Beach, Gordon & Beach and Jones, Hocker, Gladney & Grand for respondent.

(1) The beneficiary in an action on an accident policy has the burden of proving an accidental death, and suicide is not an affirmative defense in such an action. Griffith v. Continental Cas. Co., 290 Mo. 455, 253 S.W. 1043; Landau v. Pacific Mut. Life Ins. Co., 305 Mo. 542, 267 S.W. 370; Brunswick v. Standard Accident Ins. Co., 278 Mo. 165, 213 S.W. 45; Laessig v. Travelers Protective Assn., 169 Mo. 280, 69 S.W. 469; Lamport v. Aetna Life Ins. Co., 199 S.W. 1020; New York Life Ins. Co. v. Gamer, 303 U.S. 161, 82 L. Ed. 480. (2) A presumption that insured's death was accidental only arises from an unexplained violent death. Sellars v. John Hancock Mut. Life Ins. Co., 149 S.W. (2d) 40; Berne v. Prudential Ins. Co., 235 Mo. App. 178, 129 S.W. (2d) 92; Mayhew v. Travelers Protective Assn. of Am., 52 S.W. (2d) 29; Burge v. Wabash Railroad Co., 244 Mo. 76, 148 S.W. 925; Laessig v. Travelers Protective Assn., 169 Mo. 272; Brunswick v. Standard Accident Ins. Co., 278 Mo. 154, 213 S.W. 45; New York Life Ins. Co. v. Gamer, 303 U.S. 161, 82 L. Ed. 480; Warren v. Pilot Life Ins. Co., 9 S.E. (2d) 479; Occidental Life Ins. Co. v. United States Bank, 53 Pac. (2d) 1180; Scales v. Prudential Ins. Co., 109 Fed. (2d) 119; Whigham v. Metropolitan Life Ins. Co., 22 Atl. (2d) 704. (3) Suicide was established as a matter of law. Richey v. Woodmen of the World, 163 Mo. App. 235; State ex rel. Bowdon v. Allen, 327 Mo. 260, 85 S.W. (2d) 63; Kornfeld v. Supreme Lodge, 72 Mo. App. 604; McMillan v. General American Life Ins. Co., 9 S.E. (2d) 562; Watkins v. Prudential Ins. Co., 315 Pa. 497, 173 Atl. 644; Krasse v. Metropolitan Life Ins. Co., 111 N.J.L. 474, 168 Atl. 634; Von Crome v. Travelers Ins. Co., 11 Fed. (2d) 350; Frankel v. New York Life Ins. Co., 51 Fed. (2d) 933; Mitchell v. New England Mut. Life Ins. Co., 123 Fed. (2d) 246; Lambert v. Metropolitan Life Ins. Co., 17 S.E. (2d) 628; De Weese v. Sovereign Camp W.O.W., 204 Pac. 523. (4) The burden of proof has not been sustained where the inference of suicidal death is as reasonable as the inference of accidental death. Draper v. Louisville & N.R. Co., 156 S.W. (2d) 626; Wells v. Berberich's Delivery Co., 134 S.W. (2d) 130; Landau v. Pacific Mut. Life Ins. Co., 305 Mo. 542, 267 S.W. 370; Tillotson v. Travelers Ins. Co., 304 Mo. 487, 263 S.W. 819; Svenson v. Mutual Life Ins. Co., 87 Fed. (2d) 441; Watkins v. Prudential Ins. Co., 315 Pa. 497, 173 Atl. 644. (5) The provision of the policy that it does not insure against an insane suicide is valid because the Missouri Suicide Statute (Sec. 5851, R.S. Mo. 1939). which invalidates this provision of the policy, is itself invalid and in contravention of Section 28 of Article IV of the Missouri Constitution of 1875, which provides that "no bill ... shall contain more than one subject, which shall be clearly expressed in its title." This statute was enacted in 1879 as a part of an act entitled "An Act to revise and amend the insurance laws of the State of Missouri." The Legislature, in the enactment of that statute, did not comply with Section 28, Article IV, of the Missouri Constitution of 1875 because the title to the act of which that statute was a part did not state, specify or indicate that it was proposed or intended in said act to legislate with respect to the defense of suicide in actions on policies of insurance on life to be thereafter issued in Missouri, or that the common-law right of an accident insurer to contract against liability for death as the result of an insane suicide was to be changed, modified and abrogated, and, moreover, said statute could not, under this constitutional mandate, be validly or constitutionally enacted as new and additional legislation in an act or bill, the title to which only...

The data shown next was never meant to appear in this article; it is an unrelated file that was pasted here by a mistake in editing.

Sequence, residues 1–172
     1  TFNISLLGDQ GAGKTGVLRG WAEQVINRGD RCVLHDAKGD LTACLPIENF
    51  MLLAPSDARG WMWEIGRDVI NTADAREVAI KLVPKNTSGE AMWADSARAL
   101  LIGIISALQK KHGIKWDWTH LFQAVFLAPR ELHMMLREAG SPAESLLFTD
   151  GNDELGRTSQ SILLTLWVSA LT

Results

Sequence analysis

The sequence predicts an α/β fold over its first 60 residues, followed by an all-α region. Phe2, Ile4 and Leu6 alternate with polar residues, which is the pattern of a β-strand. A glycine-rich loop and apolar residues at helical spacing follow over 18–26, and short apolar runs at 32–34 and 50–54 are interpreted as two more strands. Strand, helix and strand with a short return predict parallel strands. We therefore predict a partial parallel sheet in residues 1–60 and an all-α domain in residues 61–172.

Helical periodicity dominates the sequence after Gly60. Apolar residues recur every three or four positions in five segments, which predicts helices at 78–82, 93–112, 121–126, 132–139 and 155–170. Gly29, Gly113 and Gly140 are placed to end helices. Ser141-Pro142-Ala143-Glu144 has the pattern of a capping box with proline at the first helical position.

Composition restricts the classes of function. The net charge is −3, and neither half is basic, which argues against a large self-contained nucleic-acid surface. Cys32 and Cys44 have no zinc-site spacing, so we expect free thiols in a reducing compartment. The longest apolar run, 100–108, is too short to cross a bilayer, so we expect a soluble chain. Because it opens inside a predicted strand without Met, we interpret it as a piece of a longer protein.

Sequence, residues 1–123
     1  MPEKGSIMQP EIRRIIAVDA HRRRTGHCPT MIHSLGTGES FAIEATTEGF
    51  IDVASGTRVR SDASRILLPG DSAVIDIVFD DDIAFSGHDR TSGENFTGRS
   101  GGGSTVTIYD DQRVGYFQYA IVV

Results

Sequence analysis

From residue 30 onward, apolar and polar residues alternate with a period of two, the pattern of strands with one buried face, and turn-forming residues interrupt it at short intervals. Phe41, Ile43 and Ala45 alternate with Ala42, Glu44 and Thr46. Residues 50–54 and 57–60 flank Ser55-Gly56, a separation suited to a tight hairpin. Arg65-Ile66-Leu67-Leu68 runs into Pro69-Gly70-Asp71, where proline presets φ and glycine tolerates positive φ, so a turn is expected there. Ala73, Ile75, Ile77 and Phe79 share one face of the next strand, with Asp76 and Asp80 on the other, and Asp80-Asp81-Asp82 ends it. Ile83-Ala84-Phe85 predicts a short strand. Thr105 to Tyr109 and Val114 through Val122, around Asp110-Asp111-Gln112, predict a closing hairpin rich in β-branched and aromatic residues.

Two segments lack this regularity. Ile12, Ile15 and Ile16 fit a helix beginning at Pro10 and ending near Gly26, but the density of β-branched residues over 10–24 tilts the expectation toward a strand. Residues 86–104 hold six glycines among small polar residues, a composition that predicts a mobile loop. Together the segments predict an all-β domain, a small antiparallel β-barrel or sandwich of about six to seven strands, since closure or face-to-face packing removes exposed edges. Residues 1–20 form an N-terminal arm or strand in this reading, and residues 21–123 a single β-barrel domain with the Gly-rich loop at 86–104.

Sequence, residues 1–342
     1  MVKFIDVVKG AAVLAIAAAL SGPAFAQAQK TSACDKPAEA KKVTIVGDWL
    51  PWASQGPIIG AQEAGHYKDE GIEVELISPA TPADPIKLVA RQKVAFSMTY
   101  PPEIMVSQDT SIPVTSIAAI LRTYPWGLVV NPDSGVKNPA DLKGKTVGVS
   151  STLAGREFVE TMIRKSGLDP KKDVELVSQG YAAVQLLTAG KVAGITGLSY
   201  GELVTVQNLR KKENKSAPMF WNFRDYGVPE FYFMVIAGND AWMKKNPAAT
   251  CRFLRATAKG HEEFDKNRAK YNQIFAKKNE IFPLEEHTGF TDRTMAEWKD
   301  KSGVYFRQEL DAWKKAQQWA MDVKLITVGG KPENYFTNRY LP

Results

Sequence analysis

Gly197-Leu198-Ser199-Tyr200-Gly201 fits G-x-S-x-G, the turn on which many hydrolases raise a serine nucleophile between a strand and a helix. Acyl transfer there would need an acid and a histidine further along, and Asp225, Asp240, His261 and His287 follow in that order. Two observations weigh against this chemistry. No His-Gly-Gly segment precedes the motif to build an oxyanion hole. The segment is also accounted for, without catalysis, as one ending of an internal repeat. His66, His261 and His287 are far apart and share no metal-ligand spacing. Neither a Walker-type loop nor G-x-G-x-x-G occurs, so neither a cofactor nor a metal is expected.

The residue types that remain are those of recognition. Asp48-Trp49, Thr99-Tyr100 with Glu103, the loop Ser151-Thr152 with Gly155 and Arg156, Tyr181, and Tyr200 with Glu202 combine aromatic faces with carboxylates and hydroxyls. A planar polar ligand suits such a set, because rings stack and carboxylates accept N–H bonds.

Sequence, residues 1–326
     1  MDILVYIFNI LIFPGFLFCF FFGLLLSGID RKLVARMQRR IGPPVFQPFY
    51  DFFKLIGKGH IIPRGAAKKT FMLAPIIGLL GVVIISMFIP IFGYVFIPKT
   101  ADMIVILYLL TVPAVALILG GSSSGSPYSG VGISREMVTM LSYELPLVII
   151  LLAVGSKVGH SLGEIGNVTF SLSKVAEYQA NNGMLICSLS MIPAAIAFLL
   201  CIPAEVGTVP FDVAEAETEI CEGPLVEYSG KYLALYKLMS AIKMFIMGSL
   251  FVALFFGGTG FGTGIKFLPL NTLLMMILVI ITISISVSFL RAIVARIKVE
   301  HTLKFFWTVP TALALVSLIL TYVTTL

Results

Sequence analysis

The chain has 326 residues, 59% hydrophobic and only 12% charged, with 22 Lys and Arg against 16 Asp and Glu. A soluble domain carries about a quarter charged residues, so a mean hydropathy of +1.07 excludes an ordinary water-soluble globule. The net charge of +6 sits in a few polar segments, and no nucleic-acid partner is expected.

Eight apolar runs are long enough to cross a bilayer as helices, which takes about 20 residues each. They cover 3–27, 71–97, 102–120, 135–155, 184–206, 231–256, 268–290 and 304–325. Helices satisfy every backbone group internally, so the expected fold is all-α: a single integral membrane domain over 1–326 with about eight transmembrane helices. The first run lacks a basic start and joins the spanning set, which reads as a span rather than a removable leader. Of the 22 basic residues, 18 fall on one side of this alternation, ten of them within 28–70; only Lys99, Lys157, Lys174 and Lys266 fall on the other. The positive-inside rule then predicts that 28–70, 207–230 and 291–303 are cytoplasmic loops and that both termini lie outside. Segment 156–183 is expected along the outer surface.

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37 practice notes
  • Billis v. State, Nos. 88-311
    • United States
    • United States State Supreme Court of Wyoming
    • October 5, 1990
    ...are given a title reference, but prosecutorial veto remains untitled. Edwards v. Business Men's Assur. Co. of America, 350 Mo. 666, 168 S.W.2d 82, 93 (1942) recognized that the title "must be a fair index of the matters in the bill" when it The purpose of the constitutional provision, supra......
  • Ward v. Penn Mut. Life Ins. Co., No. 8000
    • United States
    • Court of Appeal of Missouri (US)
    • December 20, 1961
    ...as is our duty, viewed the evidence in the light most favorable to plaintiff [Edwards v. Business Men's Assur. Co., 350 Mo. 666, 678, 168 S.W.2d 82, 88] and accorded Page 422 to her the benefit of all inferences fairly deducible from the evidence [Landau v. Pacific Mut. Life Ins. Co., supra......